“This,” said Ben Pentreath, “is the best spare bedroom wallpaper that there is. It’s one of my signatures. It is a particularly nice wallpaper to stay with for one or two nights, but you wouldn’t want it in a main room because it would be overwhelming.”The paper in question is Morris & Co’s 'Fruit' (originally known as ‘Pomegranate’), and it is lovely, but Ben’s point is two-fold. Firstly, that a spare bedroom deserves proper consideration, rather than being the oh too familiar disaster that Bunny Turner of Turner Pocock describes as “a collecting ground of all the furniture rejected from other rooms around the house.” Secondly, it is a room that you can have fun with. Get it right, and a spare bedroom can be a slice of heaven, where your guests will want to spend time and–because of the set up–won’t have to ask you for towels, a water glass, a coat hanger and so on. Get it wrong, and–well, we’ve all spent nights in a single bed with one flat pillow, surrounded by the poster choices and general detritus of a teenage boy, with no bedside light, and nowhere to hang up a dress. (Bonus points if you’ve tripped over a Lego Hogwarts Castle in the middle of the night and spent the early hours of the morning panicking over which turret goes where.) But even if your ‘spare’ bedroom does in fact belong to one of your children–who is co-opted into sharing with a sibling when people come to stay–with some thought and planning, you can still create somewhere your guests will be glad of.
First, the basics. All spare bedrooms, by definition, need a bed or beds. If you have two or more spare bedrooms it’s worth considering mixing it up; “we always incorporate a twin when we can, because you can have single people to stay consecutively and not have to change the sheets as they’ll each sleep in a different bed,” points out Mary Graham of Salvesen Graham. “Plus, the symmetry is so attractive.” Bunny often recommends a double with a zip link, so that it can become twin beds. It’s what she’s done in her own home, and she’s got trundle beds underneath those, so the room can be converted to a dormitory when they have lots of children for a sleepover. Alternatively, “attic bedrooms are great spaces to create permanent dormitories. You can build beds into the eave space–that then convert into sofas when you add cushions–and then put pull-out beds in drawers beneath.” (Best of all, this set up allows you to host hordes and yet barely see or hear them.)
In terms of practicality, you also need bedside tables with a lamp on each side (if the bed is a double), and sufficient sockets to charge a phone and a laptop while not having to unplug that lamp. A chair is useful to put clothes over, and if there’s a chest of drawers or wardrobe then, while it’s nice if there’s space in them for something to be put away or hung up, a simple hook and coat hangers also offers a solution. Look at Pinxton & Co for some of the most elegant examples. The bedding itself needs to be attractive (not Paw Patrol-themed, nor polycotton, even if that second doesn’t need ironing); Victoria Gray of Olivine Design suggests “crisp white, with scallop detailing or embroidery.” Similarly, please allocate your guests decent pillows–at least two per grown-up–and make sure that you use washable pillow protectors too, as in hotels. And, if the bed has an upholstered headboard, you might want to have a loose cover made for it in the same fabric, which can occasionally be laundered.
Details matter, and in a spare bedroom are what make the difference, “especially if you can’t afford to go all out on wallpaper and fabrics,” says Victoria, who recommends “wonderful wastepaper bins to add spots of colour, pretty lampshades, cushions, bed throws and warm blankets.” (That last is essential, as you’ll know if you’ve ever spent a night shivering in a strange house.) Bunny adds “a water carafe and glasses by the bed, a small jamjar of flowers, and a good stash of magazines.” Books are good too – especially if matched either to the guest or to your home, for instance Dogs in Vogue for someone besotted by their canine companion, or Betjeman’s poetry if you’re located on the north Cornish coast. A mirror will always be appreciated, particularly one placed in good light, and “leave a lovely dressing gown for your guests to use on their journey to the bathroom,” suggests Mary. (On which, a word: if you can allocate a bathroom for your guests’ sole use, do, even if it means slightly compromising your own comfort by, say, sharing your ensuite with your children. Also, be aware that a lack of lock can be very constipating.)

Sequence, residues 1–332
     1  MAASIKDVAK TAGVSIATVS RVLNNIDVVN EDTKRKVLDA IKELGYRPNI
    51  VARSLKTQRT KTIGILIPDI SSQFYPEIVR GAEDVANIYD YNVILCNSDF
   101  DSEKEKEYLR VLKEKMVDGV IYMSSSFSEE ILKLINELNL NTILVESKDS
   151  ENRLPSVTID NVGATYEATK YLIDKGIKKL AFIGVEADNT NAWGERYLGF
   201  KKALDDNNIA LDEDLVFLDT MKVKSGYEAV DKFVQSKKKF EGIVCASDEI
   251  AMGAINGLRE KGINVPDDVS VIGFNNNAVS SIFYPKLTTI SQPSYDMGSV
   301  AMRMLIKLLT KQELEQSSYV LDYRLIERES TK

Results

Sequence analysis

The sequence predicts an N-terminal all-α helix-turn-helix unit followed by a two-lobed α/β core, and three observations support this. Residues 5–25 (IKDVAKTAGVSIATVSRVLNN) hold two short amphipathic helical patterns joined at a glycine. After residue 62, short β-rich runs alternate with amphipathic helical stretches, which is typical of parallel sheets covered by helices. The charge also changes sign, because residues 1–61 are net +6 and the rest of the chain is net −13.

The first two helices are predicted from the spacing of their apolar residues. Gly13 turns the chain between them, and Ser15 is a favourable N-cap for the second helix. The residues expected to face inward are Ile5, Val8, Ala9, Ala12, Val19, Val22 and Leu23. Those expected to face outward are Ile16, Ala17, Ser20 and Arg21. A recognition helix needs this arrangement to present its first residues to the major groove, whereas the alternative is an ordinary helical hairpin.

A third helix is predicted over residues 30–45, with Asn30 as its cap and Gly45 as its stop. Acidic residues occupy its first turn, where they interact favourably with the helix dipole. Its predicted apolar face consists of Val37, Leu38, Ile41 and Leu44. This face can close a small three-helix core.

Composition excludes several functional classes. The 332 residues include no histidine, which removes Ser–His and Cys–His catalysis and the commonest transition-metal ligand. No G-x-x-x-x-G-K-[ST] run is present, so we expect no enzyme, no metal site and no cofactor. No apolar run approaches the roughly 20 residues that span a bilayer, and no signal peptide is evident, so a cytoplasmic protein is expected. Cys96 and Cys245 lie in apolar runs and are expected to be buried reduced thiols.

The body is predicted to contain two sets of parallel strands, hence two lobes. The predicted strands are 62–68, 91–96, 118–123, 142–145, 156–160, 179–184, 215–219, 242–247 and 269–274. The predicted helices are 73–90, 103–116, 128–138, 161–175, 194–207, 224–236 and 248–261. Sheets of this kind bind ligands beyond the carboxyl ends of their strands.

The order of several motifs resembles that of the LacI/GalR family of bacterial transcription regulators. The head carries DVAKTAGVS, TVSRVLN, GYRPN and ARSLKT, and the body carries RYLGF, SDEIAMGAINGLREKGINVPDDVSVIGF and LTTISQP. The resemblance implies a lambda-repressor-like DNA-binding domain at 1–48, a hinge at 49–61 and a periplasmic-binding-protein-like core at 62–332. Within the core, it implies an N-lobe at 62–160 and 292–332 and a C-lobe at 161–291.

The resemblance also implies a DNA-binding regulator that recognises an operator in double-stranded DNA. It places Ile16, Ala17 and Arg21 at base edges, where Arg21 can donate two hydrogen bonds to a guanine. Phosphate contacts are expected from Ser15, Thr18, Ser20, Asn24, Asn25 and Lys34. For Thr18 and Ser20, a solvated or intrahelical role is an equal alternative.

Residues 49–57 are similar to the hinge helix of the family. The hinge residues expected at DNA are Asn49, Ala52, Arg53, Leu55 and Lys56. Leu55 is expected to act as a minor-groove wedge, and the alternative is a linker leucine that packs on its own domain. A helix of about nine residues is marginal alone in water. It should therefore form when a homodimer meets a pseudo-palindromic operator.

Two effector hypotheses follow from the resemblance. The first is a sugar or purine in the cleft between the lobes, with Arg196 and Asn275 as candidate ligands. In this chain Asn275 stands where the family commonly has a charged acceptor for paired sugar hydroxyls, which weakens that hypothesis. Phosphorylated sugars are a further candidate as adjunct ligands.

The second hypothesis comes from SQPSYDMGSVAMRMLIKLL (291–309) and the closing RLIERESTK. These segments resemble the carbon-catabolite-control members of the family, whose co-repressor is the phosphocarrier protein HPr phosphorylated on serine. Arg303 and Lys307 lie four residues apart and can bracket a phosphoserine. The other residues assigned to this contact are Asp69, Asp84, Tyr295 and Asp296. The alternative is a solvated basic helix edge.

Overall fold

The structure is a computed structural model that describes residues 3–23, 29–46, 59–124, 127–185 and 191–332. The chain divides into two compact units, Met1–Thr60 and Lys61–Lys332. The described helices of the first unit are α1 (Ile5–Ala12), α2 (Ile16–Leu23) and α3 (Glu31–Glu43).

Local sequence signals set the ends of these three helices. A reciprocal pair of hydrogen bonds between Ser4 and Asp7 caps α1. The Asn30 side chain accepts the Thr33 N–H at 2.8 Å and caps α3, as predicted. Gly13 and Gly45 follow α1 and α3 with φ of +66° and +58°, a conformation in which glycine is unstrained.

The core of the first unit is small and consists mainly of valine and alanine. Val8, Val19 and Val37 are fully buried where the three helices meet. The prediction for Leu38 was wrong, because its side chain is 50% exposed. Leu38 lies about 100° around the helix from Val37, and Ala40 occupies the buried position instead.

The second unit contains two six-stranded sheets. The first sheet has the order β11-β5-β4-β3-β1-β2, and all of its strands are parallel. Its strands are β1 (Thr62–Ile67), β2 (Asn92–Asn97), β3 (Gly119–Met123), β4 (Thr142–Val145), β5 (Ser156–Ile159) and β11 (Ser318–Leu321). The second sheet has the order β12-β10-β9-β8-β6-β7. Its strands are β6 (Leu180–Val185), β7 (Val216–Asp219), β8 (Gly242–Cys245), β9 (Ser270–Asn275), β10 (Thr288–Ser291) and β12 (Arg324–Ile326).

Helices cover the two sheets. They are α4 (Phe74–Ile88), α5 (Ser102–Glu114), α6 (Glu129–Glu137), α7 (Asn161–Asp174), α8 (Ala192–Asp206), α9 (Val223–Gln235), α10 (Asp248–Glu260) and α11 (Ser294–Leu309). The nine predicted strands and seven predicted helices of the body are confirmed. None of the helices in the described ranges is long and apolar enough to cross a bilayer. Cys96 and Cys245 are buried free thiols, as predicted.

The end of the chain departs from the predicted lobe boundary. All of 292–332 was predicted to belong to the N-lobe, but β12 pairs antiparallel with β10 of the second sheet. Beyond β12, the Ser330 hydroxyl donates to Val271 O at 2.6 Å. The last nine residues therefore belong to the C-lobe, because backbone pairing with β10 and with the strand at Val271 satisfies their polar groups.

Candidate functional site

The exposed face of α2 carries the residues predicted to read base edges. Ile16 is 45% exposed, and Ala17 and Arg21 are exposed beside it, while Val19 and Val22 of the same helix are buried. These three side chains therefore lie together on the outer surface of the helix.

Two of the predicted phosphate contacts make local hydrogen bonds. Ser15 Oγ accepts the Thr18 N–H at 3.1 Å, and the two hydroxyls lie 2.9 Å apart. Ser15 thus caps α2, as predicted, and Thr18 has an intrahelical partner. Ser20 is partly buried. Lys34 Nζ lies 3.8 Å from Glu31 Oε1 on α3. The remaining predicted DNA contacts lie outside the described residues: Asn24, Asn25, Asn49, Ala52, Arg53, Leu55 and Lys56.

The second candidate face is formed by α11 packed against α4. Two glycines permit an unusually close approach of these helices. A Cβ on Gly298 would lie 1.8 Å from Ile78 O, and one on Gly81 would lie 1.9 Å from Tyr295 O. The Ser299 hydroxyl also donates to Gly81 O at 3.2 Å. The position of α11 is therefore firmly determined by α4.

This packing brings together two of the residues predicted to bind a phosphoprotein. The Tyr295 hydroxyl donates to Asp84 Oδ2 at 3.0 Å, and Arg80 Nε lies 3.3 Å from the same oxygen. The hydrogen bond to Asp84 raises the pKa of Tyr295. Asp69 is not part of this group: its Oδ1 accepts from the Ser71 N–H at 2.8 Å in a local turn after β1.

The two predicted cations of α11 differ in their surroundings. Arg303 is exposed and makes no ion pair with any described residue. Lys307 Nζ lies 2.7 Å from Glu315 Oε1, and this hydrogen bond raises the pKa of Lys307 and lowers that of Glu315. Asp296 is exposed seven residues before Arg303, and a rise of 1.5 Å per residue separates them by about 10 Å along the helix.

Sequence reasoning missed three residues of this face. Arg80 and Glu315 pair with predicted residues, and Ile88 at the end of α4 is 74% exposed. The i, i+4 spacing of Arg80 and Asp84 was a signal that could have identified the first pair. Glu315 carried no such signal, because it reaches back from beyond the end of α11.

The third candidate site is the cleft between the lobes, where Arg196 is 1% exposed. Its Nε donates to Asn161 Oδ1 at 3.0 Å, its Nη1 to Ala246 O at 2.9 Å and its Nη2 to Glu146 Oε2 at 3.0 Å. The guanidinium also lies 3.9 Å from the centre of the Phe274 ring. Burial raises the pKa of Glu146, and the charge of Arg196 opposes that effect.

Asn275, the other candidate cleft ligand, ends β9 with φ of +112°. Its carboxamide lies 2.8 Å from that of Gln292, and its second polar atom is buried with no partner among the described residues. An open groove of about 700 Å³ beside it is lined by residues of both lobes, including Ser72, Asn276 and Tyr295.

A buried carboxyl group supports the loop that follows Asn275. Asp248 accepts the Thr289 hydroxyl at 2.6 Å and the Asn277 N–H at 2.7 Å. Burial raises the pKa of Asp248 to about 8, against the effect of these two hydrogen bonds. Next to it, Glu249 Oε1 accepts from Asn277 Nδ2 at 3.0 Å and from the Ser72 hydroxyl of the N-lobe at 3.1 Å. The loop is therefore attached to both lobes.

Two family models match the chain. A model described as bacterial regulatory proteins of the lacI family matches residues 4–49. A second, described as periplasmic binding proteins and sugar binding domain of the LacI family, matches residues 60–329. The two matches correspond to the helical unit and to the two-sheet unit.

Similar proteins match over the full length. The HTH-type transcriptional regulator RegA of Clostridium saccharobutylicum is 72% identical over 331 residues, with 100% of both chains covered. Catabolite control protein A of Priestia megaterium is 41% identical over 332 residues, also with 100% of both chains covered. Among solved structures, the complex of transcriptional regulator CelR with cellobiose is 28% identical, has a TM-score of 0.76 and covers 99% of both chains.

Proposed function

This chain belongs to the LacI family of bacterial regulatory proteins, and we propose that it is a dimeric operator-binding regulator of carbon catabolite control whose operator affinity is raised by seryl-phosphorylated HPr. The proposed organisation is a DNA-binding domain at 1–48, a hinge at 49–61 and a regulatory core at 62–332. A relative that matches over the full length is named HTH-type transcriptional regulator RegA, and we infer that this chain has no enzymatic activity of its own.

When it comes to the actual decorating, it is a moment to be bold, if you so desire. “Make the headboard taller, the walls brighter or darker, use wallpaper that you fell in love with but couldn’t fit in anywhere else,” suggests Victoria. “It’s an opportunity to indulge your decorating fantasies with something a bit more colourful and patterned than you might want to live with on a daily basis,” adds Mary. If you’ve got multiple spares, you may wish to make one more masculine–perhaps taking as inspiration the tented bedroom at Kingston Lacey which was specifically designed for bachelor guests– and another more feminine. And find a way of allowing the rooms a secondary function, if necessary; “especially since lockdown, we need to know that rarely used spaces can become studies or classrooms,” acknowledges Bunny. “Having a piece of furniture that can be either a desk or a dressing table is a great way to cover all the bases.” Finally, going wild with the wallpaper is not precluded by the bedroom technically belonging to your offspring. I’ve been that child, and the nine-year-old me would definitely have refrained from sticking up pages torn from Pony Magazine if only my parents had papered my bedroom with, say, Pierre Frey’s ‘Jour de Fete’–a pattern for which Ben Pentreath’s spare room wallpaper rule definitely applies.